Supporters of a Charlotte bonds referendum have fretted in recent months that it might get tangled in the controversy surrounding another referendum on the November ballot, the Mecklenburg County sales tax hike. We hope that’s not the case.
The $146 million bond referendum, approved by the Charlotte City Council in July, is a responsible investment in the city’s infrastructure and communities. The plan’s specifics: $110 million of the bonds would go toward transportation projects, with $20 million dedicated to infrastructure in both established and emerging neighborhoods. An additional $15 million will improve and expand affordable housing.
The bonds would have no effect on the tax rate.
Those investments will help struggling communities across the city, including east Charlotte and the area around Charlotte Douglas International Airport. Projects also will provide significant upgrades to roads and connectivity in the University Area, which seems primed to boom with the impending arrival of light rail.
Bonds money also will go toward sidewalk and pedestrian safety, as well as the exciting Cross Charlotte Multi-Use Trail, which ultimately will connect Mecklenburg County’s greenways from Cabarrus County to York County. When completed, the 30-mile urban trail will be a gem for Charlotteans to appreciate and recruiters to sell.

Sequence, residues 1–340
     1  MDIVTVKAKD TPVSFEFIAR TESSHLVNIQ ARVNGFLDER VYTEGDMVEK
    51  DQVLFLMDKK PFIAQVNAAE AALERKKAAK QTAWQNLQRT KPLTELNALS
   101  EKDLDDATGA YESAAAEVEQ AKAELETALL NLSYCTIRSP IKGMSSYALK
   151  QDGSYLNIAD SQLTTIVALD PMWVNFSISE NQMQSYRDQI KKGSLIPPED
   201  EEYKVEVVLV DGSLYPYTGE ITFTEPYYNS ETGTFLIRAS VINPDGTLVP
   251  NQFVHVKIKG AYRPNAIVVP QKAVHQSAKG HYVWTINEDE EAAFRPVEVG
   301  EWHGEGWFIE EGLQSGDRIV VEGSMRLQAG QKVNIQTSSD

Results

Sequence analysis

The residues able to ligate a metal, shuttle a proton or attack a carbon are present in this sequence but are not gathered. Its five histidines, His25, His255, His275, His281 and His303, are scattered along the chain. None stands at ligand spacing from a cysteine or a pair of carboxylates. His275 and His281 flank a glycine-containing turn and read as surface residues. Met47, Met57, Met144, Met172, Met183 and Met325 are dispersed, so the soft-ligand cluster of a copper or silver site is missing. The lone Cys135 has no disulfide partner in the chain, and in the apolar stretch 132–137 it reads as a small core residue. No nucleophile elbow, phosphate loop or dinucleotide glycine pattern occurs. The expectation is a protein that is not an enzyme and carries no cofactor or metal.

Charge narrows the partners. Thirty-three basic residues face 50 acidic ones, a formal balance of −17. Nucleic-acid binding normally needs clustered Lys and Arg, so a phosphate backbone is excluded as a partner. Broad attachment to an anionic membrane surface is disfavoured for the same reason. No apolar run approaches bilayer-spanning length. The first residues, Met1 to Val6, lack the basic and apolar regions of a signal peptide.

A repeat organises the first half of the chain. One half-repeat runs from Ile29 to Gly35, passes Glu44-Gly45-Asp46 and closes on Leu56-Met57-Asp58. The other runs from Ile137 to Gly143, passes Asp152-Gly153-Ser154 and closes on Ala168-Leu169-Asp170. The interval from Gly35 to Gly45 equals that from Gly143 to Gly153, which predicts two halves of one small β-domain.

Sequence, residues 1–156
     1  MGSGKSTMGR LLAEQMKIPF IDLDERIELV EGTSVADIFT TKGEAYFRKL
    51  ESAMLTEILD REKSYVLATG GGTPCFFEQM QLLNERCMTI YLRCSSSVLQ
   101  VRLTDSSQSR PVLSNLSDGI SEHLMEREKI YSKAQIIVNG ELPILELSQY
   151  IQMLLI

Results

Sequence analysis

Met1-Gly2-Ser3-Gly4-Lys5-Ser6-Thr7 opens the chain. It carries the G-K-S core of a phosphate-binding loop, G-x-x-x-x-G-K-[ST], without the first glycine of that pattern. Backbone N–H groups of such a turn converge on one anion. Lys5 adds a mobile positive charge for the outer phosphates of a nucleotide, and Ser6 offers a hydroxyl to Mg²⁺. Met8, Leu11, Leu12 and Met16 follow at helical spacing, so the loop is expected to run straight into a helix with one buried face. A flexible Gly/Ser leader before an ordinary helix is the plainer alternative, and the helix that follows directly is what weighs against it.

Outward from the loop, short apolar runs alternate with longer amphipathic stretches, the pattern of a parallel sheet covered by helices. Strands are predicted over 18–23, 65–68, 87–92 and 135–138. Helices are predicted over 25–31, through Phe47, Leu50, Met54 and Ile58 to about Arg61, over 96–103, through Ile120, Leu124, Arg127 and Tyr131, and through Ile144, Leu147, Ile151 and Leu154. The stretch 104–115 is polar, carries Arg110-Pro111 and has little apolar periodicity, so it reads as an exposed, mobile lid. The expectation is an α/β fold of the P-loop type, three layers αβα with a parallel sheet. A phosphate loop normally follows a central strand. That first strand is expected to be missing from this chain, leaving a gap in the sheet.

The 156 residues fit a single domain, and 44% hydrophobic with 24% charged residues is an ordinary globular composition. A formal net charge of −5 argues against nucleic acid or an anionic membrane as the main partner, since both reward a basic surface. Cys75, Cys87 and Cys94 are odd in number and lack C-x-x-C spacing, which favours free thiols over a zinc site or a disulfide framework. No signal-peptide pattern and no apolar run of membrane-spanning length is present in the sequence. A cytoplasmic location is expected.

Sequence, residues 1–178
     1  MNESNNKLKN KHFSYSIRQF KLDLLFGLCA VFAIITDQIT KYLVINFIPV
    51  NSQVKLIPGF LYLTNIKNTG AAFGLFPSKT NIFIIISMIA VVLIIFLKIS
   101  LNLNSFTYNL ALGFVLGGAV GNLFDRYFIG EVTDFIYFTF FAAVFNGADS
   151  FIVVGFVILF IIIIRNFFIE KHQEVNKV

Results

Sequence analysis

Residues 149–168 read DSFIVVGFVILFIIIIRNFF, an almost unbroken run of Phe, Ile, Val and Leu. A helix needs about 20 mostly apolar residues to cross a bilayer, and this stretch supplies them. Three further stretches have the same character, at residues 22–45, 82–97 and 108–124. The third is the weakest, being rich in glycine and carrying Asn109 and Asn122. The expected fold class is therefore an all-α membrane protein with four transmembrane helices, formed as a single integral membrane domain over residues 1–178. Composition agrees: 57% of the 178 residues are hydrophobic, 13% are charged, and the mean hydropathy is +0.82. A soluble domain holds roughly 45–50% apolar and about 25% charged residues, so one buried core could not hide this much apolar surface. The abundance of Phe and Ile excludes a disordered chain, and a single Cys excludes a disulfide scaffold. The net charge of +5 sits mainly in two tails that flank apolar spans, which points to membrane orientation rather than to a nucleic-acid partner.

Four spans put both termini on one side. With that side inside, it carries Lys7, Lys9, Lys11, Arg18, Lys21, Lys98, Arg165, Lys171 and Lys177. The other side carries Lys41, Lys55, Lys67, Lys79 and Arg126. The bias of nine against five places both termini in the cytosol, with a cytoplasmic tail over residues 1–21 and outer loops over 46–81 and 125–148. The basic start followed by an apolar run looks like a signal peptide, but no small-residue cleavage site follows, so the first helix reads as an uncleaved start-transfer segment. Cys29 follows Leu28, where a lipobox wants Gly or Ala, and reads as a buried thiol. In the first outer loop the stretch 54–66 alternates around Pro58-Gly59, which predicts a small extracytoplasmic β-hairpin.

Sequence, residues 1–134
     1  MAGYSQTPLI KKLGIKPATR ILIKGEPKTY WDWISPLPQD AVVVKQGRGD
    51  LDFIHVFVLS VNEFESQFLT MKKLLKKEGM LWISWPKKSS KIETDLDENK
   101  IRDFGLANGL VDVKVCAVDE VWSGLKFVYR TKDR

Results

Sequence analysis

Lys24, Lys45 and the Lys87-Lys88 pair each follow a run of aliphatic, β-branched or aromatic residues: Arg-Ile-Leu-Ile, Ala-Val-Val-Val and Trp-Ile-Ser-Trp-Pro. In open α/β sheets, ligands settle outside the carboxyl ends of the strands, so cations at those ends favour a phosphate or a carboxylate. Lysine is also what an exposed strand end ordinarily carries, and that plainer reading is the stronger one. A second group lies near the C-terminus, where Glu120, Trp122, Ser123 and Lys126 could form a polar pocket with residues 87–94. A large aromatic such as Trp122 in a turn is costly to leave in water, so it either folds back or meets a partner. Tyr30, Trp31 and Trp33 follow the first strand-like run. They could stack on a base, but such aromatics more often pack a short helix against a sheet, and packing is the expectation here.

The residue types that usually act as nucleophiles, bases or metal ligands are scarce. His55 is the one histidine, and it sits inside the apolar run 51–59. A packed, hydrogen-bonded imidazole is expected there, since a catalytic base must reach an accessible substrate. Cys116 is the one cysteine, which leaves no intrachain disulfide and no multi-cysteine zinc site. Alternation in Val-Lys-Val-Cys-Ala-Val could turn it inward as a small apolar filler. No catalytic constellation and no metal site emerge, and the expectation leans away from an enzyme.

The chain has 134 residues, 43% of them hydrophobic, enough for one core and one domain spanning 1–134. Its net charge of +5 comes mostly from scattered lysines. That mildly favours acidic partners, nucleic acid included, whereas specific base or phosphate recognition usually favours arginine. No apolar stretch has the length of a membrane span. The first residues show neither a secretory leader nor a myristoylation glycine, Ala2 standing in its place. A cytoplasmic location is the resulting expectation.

No less important is the $15 million for the Charlotte Housing Trust Fund, which uses public and private dollars to provide affordable housing for low- and moderate-income families and encourage homeownership in targeted neighborhoods.
We do share the concern of City Council member Ed Driggs, who worries that the bonds package leaves the city with little capacity to address additional projects that might come up down the road. Council members have a troubling tendency to spend the money in front of them instead of tucking some away for items that become urgent later.
But Driggs understands, and we agree, that the bonds package is not the place to make a stand for fiscal restraint. Charlotte voters have a history of appreciating the value of reinvesting in our city. It’s good for our communities, and it sends a strong message to corporations that might consider relocating here. We recommend voting yes for the bonds referendum.